EPA sends 185 Americans to jail while not disciplining anyone for toxic mine spill

The Environmental Protection Agency opened 213 criminal cases last year, resulting in the conviction of 185 Americans and jail terms averaging 8 months plus fines.  Violations ranged from fraud to illegally removing asbestos.

But the EPA has fired no one, nor even disciplined any of its employees for the massive toxic spill at a gold mine in Colorado last summer.

Daily Caller:

EPA enforcement data for 2015 shows the agency opened 213 environmental cases which resulted in 185 people convicted and sentenced to 129 years in prison. EPA has been opening fewer cases in recent years to focus more on “high impact” cases.

“The focus on high impact more complex cases results in fewer investigations overall,” EPA notes in its presentation showing agency enforcement activities for the year. EPA says its criminal enforcement focuses “on complex cases that involve a serious threat to human health and the environment or that undermine program integrity.”

Every year, EPA agents help put dozens of Americans in prison for breaking U.S. environmental laws. Environmental crimes range from spilling coal ash into public waterways, to pretending to produce biofuels, to illegally cleaning up asbestos in buildings.

EPA’s criminal enforcements also raked in “individual and corporate fines over $88.0 million, with an additional $4 billion in court ordered environmental projects and $112 million in restitution.”

It's nice to know that the agency is so efficient in putting people in jail and collecting fines.  But what about its own employees?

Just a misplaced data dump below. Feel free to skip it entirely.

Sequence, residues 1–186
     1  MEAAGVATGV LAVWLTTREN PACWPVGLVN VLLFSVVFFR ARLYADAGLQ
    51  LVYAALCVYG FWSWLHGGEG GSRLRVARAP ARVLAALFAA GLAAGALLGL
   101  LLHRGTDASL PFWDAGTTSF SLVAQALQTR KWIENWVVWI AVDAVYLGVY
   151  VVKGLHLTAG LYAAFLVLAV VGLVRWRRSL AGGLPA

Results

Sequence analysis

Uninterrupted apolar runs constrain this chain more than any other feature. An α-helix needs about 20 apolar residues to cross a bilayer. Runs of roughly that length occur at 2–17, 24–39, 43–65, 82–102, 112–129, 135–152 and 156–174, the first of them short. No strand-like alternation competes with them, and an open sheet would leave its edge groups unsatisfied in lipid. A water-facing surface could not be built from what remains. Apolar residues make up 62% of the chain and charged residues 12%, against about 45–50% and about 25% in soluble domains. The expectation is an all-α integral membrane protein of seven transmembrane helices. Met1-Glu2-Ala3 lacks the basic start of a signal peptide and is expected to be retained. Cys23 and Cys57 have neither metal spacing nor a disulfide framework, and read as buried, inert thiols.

Interestingly enough, EPA has not fined or jailed anyone for the spilling of three million gallons of mine wastewater in August. That month, EPA workers opened up the Gold King Mine and sent a toxic plume of mine waste though rivers in Colorado, New Mexico and Utah. Toxic mine waste even went through Navajo Nation territory and resulted in farms having their water supplies shut off.

Republican lawmakers were quick to criticize EPA for not taking any disciplinary action against contractors or employees involved in the Colorado mine spill. Lawmakers noted that while EPA drags its feet, a private company, like Duke, would have been fined quickly if it had spilled mine waste.

The Department of the Interior’s outside review of the spill incident found EPA could have avoided a blowout if it had taken precautions agency workers had used while opening other sealed Colorado mines.

Interior found that had the agency used “a drill rig to bore into the mine from above” to open Gold King “the mine would have been revised, and the blowout would not have occurred.”

Sounds like gross negligence to me – the same sort of thing any private company would have to pay to clean up, not to mention pay millions in fines and possibly see corporate officers tried, convicted, and sent to jail.

But for the EPA, it's business as usual.

While the agency is obviously paying for the clean-up. they are resisting paying damages to private claimants.  All told, the clean-up bill and damages paid could reach $28 billion – all on the taxpayer.

But because they work for the EPA, those responsible for the spill receive a Get Out of Jail Free card.